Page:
WASHINGTON — Banks borrowed slightly more over the past week from the Federal Reserve's emergency lending program while Wall Street firms did not draw any loans for a second straight week.

The Fed reported Thursday that commercial banks averaged $17.70 billion in daily borrowing over the past week. That compared with a daily average of $17.37 billion in the previous week.

Investment houses, however, again did not take out any loans, possibly indicating that pressures on these institutions for short-term credit may be easing.

The Fed, in the broadest expansion of its lending powers, granted investment houses the privilege of getting direct loans from the Fed's emergency loan program back in March. That's when Fed Chairman Ben Bernanke and his colleagues were scrambling to calm turbulent financial markets worried about rising losses from billions of dollars of bad loans on home mortgages.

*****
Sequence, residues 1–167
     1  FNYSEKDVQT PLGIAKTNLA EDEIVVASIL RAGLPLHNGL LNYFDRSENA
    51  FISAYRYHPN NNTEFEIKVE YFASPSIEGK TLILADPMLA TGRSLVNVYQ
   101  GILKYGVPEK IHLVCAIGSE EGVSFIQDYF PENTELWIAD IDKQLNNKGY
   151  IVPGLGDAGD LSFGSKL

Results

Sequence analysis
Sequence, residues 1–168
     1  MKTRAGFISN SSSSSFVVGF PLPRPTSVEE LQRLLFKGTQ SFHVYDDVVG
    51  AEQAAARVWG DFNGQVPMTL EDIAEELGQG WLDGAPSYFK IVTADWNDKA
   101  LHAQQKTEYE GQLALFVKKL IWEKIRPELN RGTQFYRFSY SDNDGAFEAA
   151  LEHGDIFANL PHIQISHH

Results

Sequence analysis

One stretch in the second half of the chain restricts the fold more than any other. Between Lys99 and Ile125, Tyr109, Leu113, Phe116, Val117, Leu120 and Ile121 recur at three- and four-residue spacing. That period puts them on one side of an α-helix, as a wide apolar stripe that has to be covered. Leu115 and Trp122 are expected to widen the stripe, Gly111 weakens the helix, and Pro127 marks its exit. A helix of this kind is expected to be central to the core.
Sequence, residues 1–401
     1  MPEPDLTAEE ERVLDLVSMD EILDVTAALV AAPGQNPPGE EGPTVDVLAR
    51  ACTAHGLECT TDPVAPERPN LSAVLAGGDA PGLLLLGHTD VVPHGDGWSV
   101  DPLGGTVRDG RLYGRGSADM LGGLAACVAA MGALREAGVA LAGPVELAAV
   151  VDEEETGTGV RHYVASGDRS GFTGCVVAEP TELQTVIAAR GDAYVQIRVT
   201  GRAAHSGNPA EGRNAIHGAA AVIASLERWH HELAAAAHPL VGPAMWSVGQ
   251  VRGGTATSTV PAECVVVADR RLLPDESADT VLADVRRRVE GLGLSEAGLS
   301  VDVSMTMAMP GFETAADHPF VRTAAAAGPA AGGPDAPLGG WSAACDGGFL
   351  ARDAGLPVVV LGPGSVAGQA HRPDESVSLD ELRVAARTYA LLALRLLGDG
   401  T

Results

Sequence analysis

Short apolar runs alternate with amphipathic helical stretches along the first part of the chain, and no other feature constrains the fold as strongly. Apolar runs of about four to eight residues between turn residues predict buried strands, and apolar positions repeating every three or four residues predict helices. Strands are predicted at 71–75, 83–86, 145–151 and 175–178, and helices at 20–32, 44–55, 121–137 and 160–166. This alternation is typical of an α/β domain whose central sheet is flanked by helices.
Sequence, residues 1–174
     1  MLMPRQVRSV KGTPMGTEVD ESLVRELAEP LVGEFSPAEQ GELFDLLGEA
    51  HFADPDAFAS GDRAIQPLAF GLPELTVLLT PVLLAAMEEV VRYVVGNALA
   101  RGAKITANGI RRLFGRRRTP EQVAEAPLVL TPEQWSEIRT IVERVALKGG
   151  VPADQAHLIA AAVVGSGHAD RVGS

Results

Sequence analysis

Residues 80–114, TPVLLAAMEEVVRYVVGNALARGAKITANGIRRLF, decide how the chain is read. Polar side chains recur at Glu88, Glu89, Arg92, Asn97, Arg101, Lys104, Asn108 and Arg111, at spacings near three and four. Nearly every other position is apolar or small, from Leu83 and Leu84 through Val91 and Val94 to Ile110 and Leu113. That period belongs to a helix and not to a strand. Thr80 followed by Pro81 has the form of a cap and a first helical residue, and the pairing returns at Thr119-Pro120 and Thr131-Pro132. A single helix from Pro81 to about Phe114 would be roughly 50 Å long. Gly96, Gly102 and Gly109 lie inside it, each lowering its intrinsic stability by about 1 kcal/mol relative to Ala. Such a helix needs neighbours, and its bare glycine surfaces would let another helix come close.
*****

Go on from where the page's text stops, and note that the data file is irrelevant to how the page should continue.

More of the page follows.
The action was taken after a run on Bear Stearns which pushed the country's fifth-largest investment bank to the brink of collapse. It was eventually taken over by JPMorgan Chase & Co. in a deal in which the Fed provided significant financial backing.

The Fed recently extended the privilege of borrowing by investment banks into 2009 as the central bank continues to try to calm financial markets that have been roiled by the most severe credit crunch in decades. Originally, the borrowing privilege was scheduled to last only until mid-September.

The Fed also has said that it will allow troubled mortgage giants Fannie Mae and Freddie Mac the privilege of borrowing from the central bank's emergency loan program. There was no indication in the report released Thursday that the two institutions had done so.

For the week ending Aug. 13, the $17.70 billion in average daily borrowings by commercial banks represented an increase of $329 million from the average for the week ending Aug. 6.